We all need protein in our diet to help our body repair cells and make new ones and it is also an important factor for our growth and development. Protein foods are broken down into parts called amino acids during digestion. The human body requires a number of amino acids in large enough amounts to maintain good health. It’s equally important to eat the right amount and the right kind of protein to get its health benefits.
Protein in meat is causing obesity in the same way sugar does, reveals a new study.
The study suggest that protein in meat is causing obesity as it is digested after the fats and carbohydrates. This makes the energy released from protein a surplus, which then is converted and stored as extra fat in the human body.
The World Heath Organization (WHO), states that the cause of obesity is an energy imbalance between calories consumed and calories expended. Factors that reduce obesity include limiting energy intake from fats and sugars.
According to the study, published in the journal BMC Nutrition and the Journal of Nutrition& Food Sciences, meat in modern diet creates surplus energy leading to obesity.
Researchers said several other academic papers in the past had reported the same, but it was often argued that obesity was due to the fat content in meat. A research published in 2012 in the “Journal of the American Medical Association”, subjects following a high-calorie, high-protein diet gained about twice as much weight during an eight-week trial period as subjects who ate a low-protein, high-calorie diet. However, body fat increased uniformly across all test groups, which led researchers to conclude that excess calories are responsible for fat gain rather than excess protein.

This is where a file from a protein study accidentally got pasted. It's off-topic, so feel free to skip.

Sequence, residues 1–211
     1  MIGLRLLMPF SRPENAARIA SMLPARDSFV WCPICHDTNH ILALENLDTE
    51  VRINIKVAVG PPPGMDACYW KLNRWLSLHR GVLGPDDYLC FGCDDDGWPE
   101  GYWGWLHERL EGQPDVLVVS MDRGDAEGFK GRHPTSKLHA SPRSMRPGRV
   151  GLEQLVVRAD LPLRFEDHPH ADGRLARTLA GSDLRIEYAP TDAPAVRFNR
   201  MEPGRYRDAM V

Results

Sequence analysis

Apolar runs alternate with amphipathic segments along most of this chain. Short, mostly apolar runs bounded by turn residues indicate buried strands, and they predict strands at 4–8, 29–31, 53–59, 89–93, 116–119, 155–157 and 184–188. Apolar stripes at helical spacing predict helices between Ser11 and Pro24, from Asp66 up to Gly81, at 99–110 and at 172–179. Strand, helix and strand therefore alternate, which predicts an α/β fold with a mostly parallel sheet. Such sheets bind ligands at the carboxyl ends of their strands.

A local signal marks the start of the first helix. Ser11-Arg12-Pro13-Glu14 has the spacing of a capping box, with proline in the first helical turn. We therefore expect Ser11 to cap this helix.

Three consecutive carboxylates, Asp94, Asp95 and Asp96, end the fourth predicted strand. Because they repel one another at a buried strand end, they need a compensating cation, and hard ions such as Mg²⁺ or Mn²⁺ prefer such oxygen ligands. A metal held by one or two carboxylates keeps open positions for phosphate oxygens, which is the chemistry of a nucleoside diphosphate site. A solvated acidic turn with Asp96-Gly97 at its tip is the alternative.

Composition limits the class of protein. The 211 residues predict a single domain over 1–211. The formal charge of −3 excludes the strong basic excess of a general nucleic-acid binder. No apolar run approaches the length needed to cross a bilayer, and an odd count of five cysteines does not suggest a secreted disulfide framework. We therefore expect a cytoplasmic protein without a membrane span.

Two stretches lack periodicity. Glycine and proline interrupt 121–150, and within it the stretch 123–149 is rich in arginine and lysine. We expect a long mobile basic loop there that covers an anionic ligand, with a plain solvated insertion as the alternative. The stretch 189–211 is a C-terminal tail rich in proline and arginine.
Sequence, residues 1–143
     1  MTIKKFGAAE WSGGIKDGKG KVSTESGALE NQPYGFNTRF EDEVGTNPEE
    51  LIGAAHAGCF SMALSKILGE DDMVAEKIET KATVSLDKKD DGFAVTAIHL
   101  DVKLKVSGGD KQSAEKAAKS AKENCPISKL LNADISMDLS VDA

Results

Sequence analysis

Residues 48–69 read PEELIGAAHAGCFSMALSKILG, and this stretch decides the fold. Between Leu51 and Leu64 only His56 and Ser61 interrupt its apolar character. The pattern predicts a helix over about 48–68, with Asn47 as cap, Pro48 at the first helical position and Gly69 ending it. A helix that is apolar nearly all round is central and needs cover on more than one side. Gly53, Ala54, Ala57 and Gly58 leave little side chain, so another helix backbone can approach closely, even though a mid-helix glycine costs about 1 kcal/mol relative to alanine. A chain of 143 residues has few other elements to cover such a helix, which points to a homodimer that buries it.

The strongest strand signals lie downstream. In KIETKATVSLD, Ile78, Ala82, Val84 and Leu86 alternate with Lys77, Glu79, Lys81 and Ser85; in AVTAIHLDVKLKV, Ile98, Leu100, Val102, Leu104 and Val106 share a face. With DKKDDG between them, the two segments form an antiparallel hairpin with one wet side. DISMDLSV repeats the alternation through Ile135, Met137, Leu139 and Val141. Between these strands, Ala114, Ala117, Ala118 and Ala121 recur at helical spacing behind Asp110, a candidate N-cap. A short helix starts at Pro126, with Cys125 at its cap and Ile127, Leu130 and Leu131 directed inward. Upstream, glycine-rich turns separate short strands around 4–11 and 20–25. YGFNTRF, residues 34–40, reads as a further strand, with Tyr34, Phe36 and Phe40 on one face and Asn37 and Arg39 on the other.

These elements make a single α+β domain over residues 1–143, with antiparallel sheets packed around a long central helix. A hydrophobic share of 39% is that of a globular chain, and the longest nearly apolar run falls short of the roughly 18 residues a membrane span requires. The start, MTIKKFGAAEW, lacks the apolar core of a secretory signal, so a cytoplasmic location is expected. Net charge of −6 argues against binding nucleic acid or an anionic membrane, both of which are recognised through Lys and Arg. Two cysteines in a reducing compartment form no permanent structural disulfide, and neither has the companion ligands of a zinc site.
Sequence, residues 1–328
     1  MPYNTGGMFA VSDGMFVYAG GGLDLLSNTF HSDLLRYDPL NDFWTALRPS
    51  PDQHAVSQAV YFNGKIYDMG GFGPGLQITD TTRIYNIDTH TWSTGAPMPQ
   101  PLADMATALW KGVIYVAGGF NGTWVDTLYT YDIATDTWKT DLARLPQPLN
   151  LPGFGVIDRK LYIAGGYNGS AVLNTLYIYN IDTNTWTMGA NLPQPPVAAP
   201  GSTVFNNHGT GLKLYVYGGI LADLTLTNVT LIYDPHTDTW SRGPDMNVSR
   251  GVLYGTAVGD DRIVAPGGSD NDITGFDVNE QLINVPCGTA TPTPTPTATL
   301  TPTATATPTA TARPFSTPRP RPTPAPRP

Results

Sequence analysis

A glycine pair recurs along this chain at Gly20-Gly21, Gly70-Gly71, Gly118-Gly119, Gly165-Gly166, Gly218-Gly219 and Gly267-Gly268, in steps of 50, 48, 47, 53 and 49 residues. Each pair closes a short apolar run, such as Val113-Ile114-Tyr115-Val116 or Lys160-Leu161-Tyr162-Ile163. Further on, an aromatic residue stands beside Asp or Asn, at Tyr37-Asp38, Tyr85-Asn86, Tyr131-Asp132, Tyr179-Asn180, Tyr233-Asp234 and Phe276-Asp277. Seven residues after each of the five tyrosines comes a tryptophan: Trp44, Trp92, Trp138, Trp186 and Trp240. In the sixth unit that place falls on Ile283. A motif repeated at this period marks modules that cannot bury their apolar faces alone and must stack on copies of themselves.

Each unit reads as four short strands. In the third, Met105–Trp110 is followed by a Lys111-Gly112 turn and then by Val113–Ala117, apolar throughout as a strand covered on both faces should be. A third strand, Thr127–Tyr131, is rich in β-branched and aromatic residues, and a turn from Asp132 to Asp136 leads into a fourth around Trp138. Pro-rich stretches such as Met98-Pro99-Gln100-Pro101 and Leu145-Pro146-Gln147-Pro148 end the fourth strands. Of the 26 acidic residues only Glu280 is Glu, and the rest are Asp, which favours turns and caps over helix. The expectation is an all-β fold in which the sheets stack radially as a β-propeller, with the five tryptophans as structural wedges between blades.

The researchers studied the correlation between meat consumption and obesity rates in 170 countries.
“Based on our findings we believe meat protein in the human diet is also making a significant contribution to obesity. In the analysis of obesity prevalence across 170 countries, we have found that sugar availability in a nation explains 50 per cent of obesity variation while meat availability another 50 per cent,” said Maciej Henneberg, Professor, University of Adelaide.
“Nevertheless, it is important that we show the contribution meat protein is making to obesity so that we can better understand what is happening. In order to curb obesity it might make sense for dietary guidelines to advise eating less meat, as well as less sugar,” added Henneberg.